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N2 - Background: Sunitinib is a standard treatment for metastatic renal cell carcinoma (mRCC). The neutrophil to lymphocyte ratio (NLR), an index of systemic inflammation, is associated with outcome in several cancer types. Aims: To study the association of pre-treatment neutrophil to lymphocyte ratio with response rate, progression free survival (PFS) and overall survival (OS) of patients treated with sunitinib for mRCC. Methods: We retrospectively studied an unselected cohort of patients with mRCC, who were treated with sunitinib. Logistic regression model was used to analyse response rate. Cox regression models were fitted to identify risk factors associated with PFS and OS. We investigated how pre-treatment NLR is associated with these clinical outcomes after adjusting for confounding covariates. Regression tree for censored data method was used to find the best NLR cut-off value. Results: Between 2004 and 2011, 133 patients with mRCC were treated with sunitinib. One hundred and nine were included in the NLR analysis, from which were excluded patients without available data on pre-treatment NLR or with comorbidities/recent treatments known to be associated with a change of blood counts. Factors associated with PFS were low NLR ≤ 3 (HR = 0.285, p < 0.001), past nephrectomy (HR = 0.38, p = 0.035), sunitinib dose reduction/treatment interruption (HR = 0.6, p = 0.014) and the use of antiotensin system inhibitors (HR = 0.537, p = 0.008). Low NLR ≤ 3 was associated with OS (HR = 0.3, p = 0.043). Conclusions: In patients with mRCC treated with sunitinib, pre-treatment NLR may be associated with PFS and OS. This should be investigated prospectively, and if validated applied in clinical practice and clinical trials.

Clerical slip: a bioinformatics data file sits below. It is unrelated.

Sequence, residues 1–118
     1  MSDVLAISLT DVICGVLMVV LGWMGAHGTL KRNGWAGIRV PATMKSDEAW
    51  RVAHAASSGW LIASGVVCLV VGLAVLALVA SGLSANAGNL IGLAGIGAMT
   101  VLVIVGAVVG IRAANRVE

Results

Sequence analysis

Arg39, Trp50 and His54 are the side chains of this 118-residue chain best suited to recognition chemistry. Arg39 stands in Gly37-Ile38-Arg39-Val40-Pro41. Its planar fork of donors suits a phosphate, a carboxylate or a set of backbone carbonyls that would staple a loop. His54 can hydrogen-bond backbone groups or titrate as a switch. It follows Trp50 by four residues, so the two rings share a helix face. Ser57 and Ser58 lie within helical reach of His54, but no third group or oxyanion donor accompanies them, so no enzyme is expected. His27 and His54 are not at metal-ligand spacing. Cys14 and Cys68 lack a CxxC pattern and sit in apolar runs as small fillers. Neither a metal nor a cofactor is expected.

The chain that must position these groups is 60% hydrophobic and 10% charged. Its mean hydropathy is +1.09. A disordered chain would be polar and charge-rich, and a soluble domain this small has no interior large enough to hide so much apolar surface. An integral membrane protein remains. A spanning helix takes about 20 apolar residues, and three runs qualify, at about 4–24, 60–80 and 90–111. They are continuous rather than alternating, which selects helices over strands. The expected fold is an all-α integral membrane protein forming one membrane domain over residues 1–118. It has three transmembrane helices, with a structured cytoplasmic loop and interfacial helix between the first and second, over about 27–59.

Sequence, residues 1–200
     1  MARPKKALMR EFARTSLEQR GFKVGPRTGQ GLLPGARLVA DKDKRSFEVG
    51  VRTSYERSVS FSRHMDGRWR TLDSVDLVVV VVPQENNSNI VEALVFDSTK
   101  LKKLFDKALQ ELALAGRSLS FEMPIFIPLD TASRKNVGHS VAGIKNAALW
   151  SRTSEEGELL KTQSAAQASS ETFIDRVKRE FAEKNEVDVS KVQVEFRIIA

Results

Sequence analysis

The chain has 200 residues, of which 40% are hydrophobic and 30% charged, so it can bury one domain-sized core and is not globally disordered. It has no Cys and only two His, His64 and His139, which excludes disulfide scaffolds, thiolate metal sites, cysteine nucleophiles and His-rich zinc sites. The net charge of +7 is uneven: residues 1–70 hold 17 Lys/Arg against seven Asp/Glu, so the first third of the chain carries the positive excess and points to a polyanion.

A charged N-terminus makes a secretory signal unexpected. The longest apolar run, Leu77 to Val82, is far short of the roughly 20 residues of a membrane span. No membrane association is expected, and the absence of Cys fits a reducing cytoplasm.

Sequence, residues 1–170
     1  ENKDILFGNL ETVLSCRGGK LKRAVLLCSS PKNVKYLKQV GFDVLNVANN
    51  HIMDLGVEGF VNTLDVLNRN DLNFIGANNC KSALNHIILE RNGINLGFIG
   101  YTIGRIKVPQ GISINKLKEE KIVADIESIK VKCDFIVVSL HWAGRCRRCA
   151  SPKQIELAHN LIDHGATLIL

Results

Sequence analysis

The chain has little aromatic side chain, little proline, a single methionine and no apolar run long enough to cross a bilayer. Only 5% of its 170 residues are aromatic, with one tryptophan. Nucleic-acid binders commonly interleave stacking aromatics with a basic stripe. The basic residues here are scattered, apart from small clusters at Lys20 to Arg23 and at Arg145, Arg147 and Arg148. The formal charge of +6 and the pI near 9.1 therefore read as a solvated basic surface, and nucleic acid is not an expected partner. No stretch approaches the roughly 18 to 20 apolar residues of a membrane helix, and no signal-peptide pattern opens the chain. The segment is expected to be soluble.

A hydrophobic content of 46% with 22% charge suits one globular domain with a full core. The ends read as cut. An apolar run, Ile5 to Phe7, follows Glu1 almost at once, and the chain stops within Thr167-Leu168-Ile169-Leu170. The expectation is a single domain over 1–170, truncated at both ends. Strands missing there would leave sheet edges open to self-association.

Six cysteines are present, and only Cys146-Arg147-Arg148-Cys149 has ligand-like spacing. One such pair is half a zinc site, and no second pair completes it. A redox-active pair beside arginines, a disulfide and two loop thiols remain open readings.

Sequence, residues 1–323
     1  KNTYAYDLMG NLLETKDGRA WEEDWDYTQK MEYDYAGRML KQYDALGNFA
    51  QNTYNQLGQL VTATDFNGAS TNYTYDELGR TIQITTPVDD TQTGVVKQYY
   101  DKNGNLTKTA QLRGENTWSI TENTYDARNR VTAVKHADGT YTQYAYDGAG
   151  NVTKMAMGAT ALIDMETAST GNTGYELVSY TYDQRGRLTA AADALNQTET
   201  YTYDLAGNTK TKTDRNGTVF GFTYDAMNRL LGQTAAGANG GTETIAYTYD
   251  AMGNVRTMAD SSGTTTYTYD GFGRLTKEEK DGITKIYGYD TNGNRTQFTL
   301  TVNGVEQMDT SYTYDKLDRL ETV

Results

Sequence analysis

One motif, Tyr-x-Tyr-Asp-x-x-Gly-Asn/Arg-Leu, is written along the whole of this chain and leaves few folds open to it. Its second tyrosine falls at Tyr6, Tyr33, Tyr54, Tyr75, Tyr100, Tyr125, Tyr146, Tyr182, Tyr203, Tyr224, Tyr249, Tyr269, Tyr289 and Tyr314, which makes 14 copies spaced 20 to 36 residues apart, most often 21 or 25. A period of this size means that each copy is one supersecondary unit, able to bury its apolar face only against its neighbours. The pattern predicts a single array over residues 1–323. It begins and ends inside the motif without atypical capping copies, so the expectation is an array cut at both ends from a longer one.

AB - Background: Sunitinib is a standard treatment for metastatic renal cell carcinoma (mRCC). The neutrophil to lymphocyte ratio (NLR), an index of systemic inflammation, is associated with outcome in several cancer types. Aims: To study the association of pre-treatment neutrophil to lymphocyte ratio with response rate, progression free survival (PFS) and overall survival (OS) of patients treated with sunitinib for mRCC. Methods: We retrospectively studied an unselected cohort of patients with mRCC, who were treated with sunitinib. Logistic regression model was used to analyse response rate. Cox regression models were fitted to identify risk factors associated with PFS and OS. We investigated how pre-treatment NLR is associated with these clinical outcomes after adjusting for confounding covariates. Regression tree for censored data method was used to find the best NLR cut-off value. Results: Between 2004 and 2011, 133 patients with mRCC were treated with sunitinib. One hundred and nine were included in the NLR analysis, from which were excluded patients without available data on pre-treatment NLR or with comorbidities/recent treatments known to be associated with a change of blood counts. Factors associated with PFS were low NLR ≤ 3 (HR = 0.285, p < 0.001), past nephrectomy (HR = 0.38, p = 0.035), sunitinib dose reduction/treatment interruption (HR = 0.6, p = 0.014) and the use of antiotensin system inhibitors (HR = 0.537, p = 0.008). Low NLR ≤ 3 was associated with OS (HR = 0.3, p = 0.043). Conclusions: In patients with mRCC treated with sunitinib, pre-treatment NLR may be associated with PFS and OS. This should be investigated prospectively, and if validated applied in clinical practice and clinical trials.